BRIEF DESCRIPTION OF DRAWINGS

FIG. 1 illustrates a side sectional view of a preferred embodiment of the invention.

FIG. 2 illustrates a top view of a preferred embodiment of the invention.

BEST MODE FOR CARRYING OUT THE INVENTION

See FIGS. 1 and 2 and the related descriptions.

INDUSTRIAL APPLICABILITY

The invention may be used to correct dynamic distortion in optical images such as those viewed by telescopes through atmospheric turbulence.

It should be understood that other components and configurations may be substituted for those described in order to practice the invention, and the invention is to be limited only by the permissable scope of the following claims. References are made in the claims to the numbered components in the described embodiments, and it should be understood that the claims are not to be restricted to such embodiments as the numbers are employed in the claims as merely exemplary of the nature of the claim means.

Patent Citations
Cited PatentFiling datePublication dateApplicantTitle
US3746785 *Nov 26, 1971Jul 17, 1973Bendix CorpDeflectable membrane optical modulator
US3904274 *Aug 27, 1973Sep 9, 1975Itek CorpMonolithic piezoelectric wavefront phase modulator
US4016415 *Jun 24, 1974Apr 5, 1977Hughes Aircraft CompanyAdaptive imaging telescope with linear sensing and movable mirror phase shifting
Referenced by
Citing PatentFiling datePublication dateApplicantTitle
US4657358 *Aug 23, 1985Apr 14, 1987Itek CorporationCooled deformable mirror
US4725138 *May 22, 1985Feb 16, 1988Adaptive Optics Associates IncorporatedOptical wavefront sensing system
US4737621 *Dec 6, 1985Apr 12, 1988Adaptive Optics Assoc., Inc.Integrated adaptive optical wavefront sensing and compensating system
US5099353 *Jan 4, 1991Mar 24, 1992Texas Instruments IncorporatedArchitecture and process for integrating DMD with control circuit substrates
US5170283 *Jul 24, 1991Dec 8, 1992Northrop CorporationSilicon spatial light modulator
US5223971 *Dec 31, 1991Jun 29, 1993Texas Instruments IncorporatedLight beam steering with deformable membrane device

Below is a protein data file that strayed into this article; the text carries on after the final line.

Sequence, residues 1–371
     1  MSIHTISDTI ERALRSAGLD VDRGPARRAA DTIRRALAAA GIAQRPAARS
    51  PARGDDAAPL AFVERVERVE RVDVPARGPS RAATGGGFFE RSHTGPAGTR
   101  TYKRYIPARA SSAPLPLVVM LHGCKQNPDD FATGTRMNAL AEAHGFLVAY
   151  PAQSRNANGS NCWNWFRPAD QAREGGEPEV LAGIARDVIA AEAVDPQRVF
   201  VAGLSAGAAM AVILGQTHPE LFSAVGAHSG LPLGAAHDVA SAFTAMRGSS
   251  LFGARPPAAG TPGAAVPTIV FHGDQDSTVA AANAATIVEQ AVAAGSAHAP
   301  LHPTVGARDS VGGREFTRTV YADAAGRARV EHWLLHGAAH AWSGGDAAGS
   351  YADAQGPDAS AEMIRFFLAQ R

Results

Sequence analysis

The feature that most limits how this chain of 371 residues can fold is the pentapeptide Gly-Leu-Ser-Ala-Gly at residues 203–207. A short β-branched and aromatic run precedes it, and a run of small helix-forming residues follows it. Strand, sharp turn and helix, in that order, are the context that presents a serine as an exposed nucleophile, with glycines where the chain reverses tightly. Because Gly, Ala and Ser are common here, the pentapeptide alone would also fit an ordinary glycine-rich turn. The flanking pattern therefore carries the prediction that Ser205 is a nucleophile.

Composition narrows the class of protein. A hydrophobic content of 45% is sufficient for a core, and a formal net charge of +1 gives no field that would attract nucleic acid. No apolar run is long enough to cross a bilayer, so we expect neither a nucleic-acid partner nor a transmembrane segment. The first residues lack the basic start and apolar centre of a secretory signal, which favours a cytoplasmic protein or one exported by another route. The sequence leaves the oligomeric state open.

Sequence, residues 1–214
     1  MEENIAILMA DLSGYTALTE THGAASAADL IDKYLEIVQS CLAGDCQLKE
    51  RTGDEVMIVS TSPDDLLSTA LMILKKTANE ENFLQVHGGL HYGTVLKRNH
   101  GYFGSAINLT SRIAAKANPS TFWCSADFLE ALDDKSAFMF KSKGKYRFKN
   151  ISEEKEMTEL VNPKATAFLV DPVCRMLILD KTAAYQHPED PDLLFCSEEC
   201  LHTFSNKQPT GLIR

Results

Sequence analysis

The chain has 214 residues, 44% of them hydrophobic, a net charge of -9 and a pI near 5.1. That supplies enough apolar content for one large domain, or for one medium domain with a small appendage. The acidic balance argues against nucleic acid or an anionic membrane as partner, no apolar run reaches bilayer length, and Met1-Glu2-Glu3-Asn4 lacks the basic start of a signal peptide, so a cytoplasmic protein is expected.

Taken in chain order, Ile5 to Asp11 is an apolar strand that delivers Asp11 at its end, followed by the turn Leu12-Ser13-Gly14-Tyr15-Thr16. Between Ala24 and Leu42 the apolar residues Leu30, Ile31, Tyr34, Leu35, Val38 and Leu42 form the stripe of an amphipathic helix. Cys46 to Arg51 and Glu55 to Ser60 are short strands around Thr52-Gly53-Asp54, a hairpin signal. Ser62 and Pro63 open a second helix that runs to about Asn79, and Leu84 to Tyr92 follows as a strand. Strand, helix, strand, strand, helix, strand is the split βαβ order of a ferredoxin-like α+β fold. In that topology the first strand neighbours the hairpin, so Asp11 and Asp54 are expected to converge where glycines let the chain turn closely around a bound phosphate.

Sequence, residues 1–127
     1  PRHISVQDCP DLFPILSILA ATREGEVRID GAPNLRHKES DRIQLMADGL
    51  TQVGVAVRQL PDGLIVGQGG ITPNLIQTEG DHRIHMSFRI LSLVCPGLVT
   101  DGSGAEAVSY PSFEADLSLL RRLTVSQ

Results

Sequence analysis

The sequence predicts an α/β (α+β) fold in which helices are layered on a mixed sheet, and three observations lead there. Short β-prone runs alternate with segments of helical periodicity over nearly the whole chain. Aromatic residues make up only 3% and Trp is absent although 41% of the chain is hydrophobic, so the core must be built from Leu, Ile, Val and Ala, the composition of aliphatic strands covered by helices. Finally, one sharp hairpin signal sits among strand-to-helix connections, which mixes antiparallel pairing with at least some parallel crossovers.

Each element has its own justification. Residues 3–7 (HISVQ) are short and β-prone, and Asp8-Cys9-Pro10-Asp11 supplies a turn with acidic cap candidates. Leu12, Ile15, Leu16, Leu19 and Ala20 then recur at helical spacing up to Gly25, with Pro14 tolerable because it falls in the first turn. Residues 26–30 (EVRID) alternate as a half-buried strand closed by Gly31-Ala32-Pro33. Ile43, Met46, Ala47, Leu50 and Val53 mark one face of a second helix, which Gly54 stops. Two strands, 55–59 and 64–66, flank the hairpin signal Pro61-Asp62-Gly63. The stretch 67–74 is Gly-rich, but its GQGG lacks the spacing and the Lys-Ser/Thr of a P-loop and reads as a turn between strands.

US5469302 *May 20, 1994Nov 21, 1995Daewoo Electronics Co., Ltd.Electrostrictive mirror actuator for use in optical projection system
US5585956 *Jul 29, 1994Dec 17, 1996Daewoo Electronics Co, Ltd.Electrostrictive actuated mirror array
US6404534 *Oct 30, 2000Jun 11, 2002Samsung Electronics Co., Ltd.Micro-mirror device and driving method
US6630656Jul 16, 2001Oct 7, 2003Adaptive Optics Associates, Inc.Method and apparatus for wavefront measurement that resolves the 2-π ambiguity in such measurement and adaptive optics systems utilizing same
US6649895Jan 19, 2001Nov 18, 2003Adaptive Optics Associates, Inc.Dispersed Hartmann sensor and method for mirror segment alignment and phasing
US6947201 *Dec 8, 2003Sep 20, 2005Xinetics, Inc.Transverse electrodisplacive actuator array
US7161128Aug 25, 2003Jan 9, 2007Adaptive Optics Associates, Inc.Optical instrument employing a wavefront sensor capable of coarse and fine phase measurement capabilities during first and second modes of operation
US7437077Feb 14, 2005Oct 14, 2008Northrop Grumman CorporationWavefront sensing system employing active updating of reference positions and subaperture locations on wavefront sensor
US7452089 *Jun 20, 2006Nov 18, 2008Funai Electric Co., Ltd.Variable-shape mirror and optical pickup device therewith
US7753538Sep 11, 2008Jul 13, 2010Funai Electric Co., Ltd.Fabrication method for variable-shape mirror using thermo-compression bonding
EP1887409A2 *Aug 6, 2007Feb 13, 2008Funai Electric Co., Ltd.Variable shape mirror
WO2004088388A1 *Mar 29, 2004Oct 14, 2004Evolvable Systems Res Inst IncDeformable mirror device
WO2004088389A1 *Mar 29, 2004Oct 14, 2004Evolvable Systems Res Inst IncDeformable mirror device
WO2005060724A2 *Mar 1, 2004Jul 7, 2005Mark A EaleyTransverse electrodisplacive actuator array
Classifications
U.S. Classification359/295
International ClassificationG02B26/06
Cooperative ClassificationG02B26/06
European ClassificationG02B26/06
Legal Events
DateCodeEventDescription
Mar 25, 1996ASAssignment
Owner name: HUGHES DANBURY OPTICAL SYSTEMS, INC., CONNECTICUT
Free format text: ASSIGNMENT OF ASSIGNORS INTEREST;ASSIGNOR:LITTON SYSTEMS, INC.;REEL/FRAME:007945/0794
Effective date: 19960216